President Trump’s national security adviser, John Bolton, asked the Pentagon last fall to develop military options for a strike against Iran following a mortar attack in Baghdad by a Tehran-backed militant group.
While it is unclear if the proposals were eventually sent to the White House or if the president knew of the plans, Bolton’s request worried many in the Pentagon and the State Department concerned with the more hawkish approach toward Tehran.
“It definitely rattled people,” one former senior U.S. administration official told the Wall Street Journal. “People were shocked. It was mind-boggling how cavalier they were about hitting Iran.”
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Garrett Marquis, a spokesman for the National Security Council, told the newspaper that the council “coordinates policy and provides the president with options to anticipate and respond to a variety of threats.”
“We continue to review the status of our personnel following attempted attacks on our embassy in Baghdad and our Basra consulate, and we will consider a full range of options to preserve their safety and our interests,” he said.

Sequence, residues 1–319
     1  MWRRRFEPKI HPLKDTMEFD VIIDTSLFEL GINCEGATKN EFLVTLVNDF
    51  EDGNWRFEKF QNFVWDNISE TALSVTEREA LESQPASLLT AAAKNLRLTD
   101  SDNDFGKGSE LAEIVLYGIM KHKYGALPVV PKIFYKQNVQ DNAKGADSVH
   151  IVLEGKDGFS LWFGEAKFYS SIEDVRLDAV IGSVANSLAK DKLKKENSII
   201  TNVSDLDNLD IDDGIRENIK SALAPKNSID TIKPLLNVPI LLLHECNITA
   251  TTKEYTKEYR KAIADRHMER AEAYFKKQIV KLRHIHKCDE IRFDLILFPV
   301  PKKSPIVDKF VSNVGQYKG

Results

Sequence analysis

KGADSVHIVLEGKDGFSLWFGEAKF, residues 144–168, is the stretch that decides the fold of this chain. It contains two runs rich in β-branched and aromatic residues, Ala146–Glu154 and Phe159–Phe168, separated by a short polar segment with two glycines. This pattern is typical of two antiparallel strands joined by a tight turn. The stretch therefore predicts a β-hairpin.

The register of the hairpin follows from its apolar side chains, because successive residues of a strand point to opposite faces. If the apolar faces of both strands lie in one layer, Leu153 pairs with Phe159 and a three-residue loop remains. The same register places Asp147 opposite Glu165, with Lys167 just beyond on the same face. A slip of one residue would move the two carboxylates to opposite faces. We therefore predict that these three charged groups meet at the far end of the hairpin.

The mortar attack targeted Baghdad’s diplomatic quarter, which is home to the U.S. Embassy. The three mortars, however, landed in an open lot and nobody was harmed in the attack.
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Bolton, a hawk who previously served as ambassador to the United Nations under President George W. Bush, has been vocal about his support for a regime change in Tehran and the report of the military options against Iran highlight the more confrontational approach toward the Islamic Republic the administration has taken since he took the post at the NSC in April.
While Bolton’s approach has seen him butt heads with a number of people in Trump’s Cabinet – most notably former Defense Secretary Jim Mattis – he has found an ally in Secretary of State Mike Pompeo.
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Last year, Bolton quickly pulled the U.S. out of the nuclear-containment deal brokered during the Obama administration and tightened economic sanctions against Iran – moves that were championed on the campaign trail in 2016 by then-candidate Trump.
In speech in September, Bolton sent a stark warning to Tehran that there would be “hell to pay” if the country threatened America or its allies.